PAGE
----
It is very easy to create natural maltose. You just require germinating barley seeds. Once the seeds have germinated, you need to heat them over an oven. Before you start heating the seeds, you need to add water to them. What you obtain from the process is maltose. So, you can see that the process involved in creating natural maltose is very simple. In order to undertake the fermentation process, you need to add yeast to the maltose you have created from barley seeds. The fermented product is generally employed for brewing beer.

A number of foods also enclose maltose. Such foods include cereals, sweet potato, low-fat caramel sauce, kamut and pears. People with diabetes should exercise additional caution while consuming the foods mentioned above as well as drinking water and beverages, especially alcoholic drinks.

As far as beverages are concerned, maltose adds flavour to malted milk, cream soda, rice milk drinks and beer. All the foods and drinks mentioned above should only be consumed in moderate amounts with a view to maintain a perfect blood sugar level. Drinking them in excess may shoot up the blood sugar levels.

Health benefits and uses

Maltose offers a number of health benefits. This form of sugar is utilized to make bread. Similar to any other type of sugar, maltose also feeds the yeast, thereby producing gas, which is responsible for the bread to puff up. However, different from the ordinary or table sugar, maltose tastes less sweet and compared to sucrose, it is excellent for working with flour. Moreover, maltose is also employed for brewing beer. The food industry uses this form of sugar as an additive to enhance the shelf life of products. Maltose is, however, never used separately as a sweetener, as it is not sweet enough.

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This type of sugar plays a vital role in beer production. Nevertheless, it is contained in very less amounts in most beers, because nearly the entire maltose is changed to alcohol at some stage in the brewing process.

Maltose is a vital ingredient in the fermentation process, especially while brewing beer. In fact, the International Starch Institute has endorsed the use of maltose obtained from barley, corn syrups containing high maltose and various other grains for brewing beer.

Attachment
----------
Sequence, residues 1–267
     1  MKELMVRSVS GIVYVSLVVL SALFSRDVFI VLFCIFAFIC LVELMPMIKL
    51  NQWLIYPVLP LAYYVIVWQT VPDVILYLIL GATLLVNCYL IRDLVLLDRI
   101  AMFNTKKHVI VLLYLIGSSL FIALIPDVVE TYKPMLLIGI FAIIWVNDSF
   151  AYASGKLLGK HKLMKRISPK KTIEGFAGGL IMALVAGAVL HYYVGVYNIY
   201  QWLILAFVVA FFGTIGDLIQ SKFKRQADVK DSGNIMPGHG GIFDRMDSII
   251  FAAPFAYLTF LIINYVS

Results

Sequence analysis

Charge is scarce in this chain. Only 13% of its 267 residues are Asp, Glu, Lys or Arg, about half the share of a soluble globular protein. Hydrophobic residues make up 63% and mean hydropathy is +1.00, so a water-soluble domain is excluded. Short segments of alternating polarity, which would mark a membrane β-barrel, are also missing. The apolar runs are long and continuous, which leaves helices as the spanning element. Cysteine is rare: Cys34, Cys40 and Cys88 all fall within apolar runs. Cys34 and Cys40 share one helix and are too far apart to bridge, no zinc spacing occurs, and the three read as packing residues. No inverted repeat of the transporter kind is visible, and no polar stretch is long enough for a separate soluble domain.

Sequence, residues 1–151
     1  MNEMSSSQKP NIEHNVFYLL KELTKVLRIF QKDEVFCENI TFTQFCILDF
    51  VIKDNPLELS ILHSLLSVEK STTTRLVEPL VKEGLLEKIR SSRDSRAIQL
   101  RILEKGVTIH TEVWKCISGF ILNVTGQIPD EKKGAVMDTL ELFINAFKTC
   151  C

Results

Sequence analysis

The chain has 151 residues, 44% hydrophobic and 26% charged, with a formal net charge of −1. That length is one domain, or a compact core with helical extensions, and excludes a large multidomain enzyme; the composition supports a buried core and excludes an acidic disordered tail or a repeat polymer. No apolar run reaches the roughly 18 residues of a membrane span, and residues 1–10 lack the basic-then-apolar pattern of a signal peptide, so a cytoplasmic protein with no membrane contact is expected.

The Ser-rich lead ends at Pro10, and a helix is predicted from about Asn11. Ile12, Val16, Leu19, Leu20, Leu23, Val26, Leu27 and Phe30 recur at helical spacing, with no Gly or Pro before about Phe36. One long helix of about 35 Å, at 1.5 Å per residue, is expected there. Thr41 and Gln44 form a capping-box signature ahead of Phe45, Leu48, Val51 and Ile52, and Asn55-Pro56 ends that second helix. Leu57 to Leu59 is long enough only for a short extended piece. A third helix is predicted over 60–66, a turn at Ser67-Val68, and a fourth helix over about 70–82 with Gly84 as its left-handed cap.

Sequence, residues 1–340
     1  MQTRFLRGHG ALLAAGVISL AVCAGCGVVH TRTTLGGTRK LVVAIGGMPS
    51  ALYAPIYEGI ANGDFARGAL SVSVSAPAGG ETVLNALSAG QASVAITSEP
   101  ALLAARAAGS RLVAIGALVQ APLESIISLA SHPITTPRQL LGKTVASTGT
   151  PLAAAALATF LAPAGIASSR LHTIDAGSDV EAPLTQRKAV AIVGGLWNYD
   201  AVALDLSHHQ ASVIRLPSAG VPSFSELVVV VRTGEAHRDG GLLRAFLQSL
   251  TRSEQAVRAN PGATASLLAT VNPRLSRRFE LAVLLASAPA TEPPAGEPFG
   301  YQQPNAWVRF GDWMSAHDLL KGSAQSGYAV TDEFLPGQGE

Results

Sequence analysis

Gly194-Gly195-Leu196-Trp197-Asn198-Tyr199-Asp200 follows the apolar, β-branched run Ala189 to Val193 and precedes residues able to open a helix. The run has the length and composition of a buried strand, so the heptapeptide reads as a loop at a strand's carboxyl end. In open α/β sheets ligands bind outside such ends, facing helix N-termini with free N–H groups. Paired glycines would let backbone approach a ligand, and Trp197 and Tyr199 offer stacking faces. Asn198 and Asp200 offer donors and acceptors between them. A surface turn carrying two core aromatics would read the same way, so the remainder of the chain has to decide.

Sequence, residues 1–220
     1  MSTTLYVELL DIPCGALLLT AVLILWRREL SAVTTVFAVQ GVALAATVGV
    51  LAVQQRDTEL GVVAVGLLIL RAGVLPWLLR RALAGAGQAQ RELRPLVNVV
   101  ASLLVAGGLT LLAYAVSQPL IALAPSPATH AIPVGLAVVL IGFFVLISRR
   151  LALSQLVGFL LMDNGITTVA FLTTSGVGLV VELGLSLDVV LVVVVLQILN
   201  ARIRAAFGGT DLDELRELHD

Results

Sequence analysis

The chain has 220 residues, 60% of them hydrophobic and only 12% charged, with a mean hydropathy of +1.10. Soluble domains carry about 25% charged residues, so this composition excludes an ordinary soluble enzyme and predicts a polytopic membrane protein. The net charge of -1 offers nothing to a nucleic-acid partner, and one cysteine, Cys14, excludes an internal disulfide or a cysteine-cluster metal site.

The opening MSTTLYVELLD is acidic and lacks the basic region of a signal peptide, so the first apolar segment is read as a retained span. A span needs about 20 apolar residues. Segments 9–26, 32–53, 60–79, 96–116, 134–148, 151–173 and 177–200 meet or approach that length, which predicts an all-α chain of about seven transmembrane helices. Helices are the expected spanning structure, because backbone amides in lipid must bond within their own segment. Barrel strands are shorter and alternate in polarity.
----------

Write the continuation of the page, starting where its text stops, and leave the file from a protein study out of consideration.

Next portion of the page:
Another health benefit offered by maltose is that its addition to various foods increases their shelf live. This sugar is usually added to foods like candies, baked goods, jams and jellies. Maltose not only keeps the flavour of foods stable, but also prevents them from losing their original color. Food manufacturers usually use the powdered form of maltose. This is because as far as sweetness is concerned, it offers flexibility.

Findings of studies have proved in 2002 that the use of maltose is capable of increasing saliva production. In this way, maltose is an excellent remedy for dry mouth. Maltose lozenge in anhydrous crystalline form is used during this treatment process.

Jellies, jams and syrups are often affected by microbial growths. However, adding maltose to these products helps to check this kind of microbial growth. Adding maltose to such products increases their volume, but, at the same time, decreases their sweetness. In fact, maltose is also added to spice mixes in the form of an additive, mainly because of this sugar's antimicrobial property.

It is advisable that people who are very conscious about their health should consume sugar in moderation. What is significant about maltose is that it contains glucose, which gives this sugar an elevated glycemic index (GI). When you consume foods containing high amounts of maltose, it is likely that you will experience an instant response from the digestive system.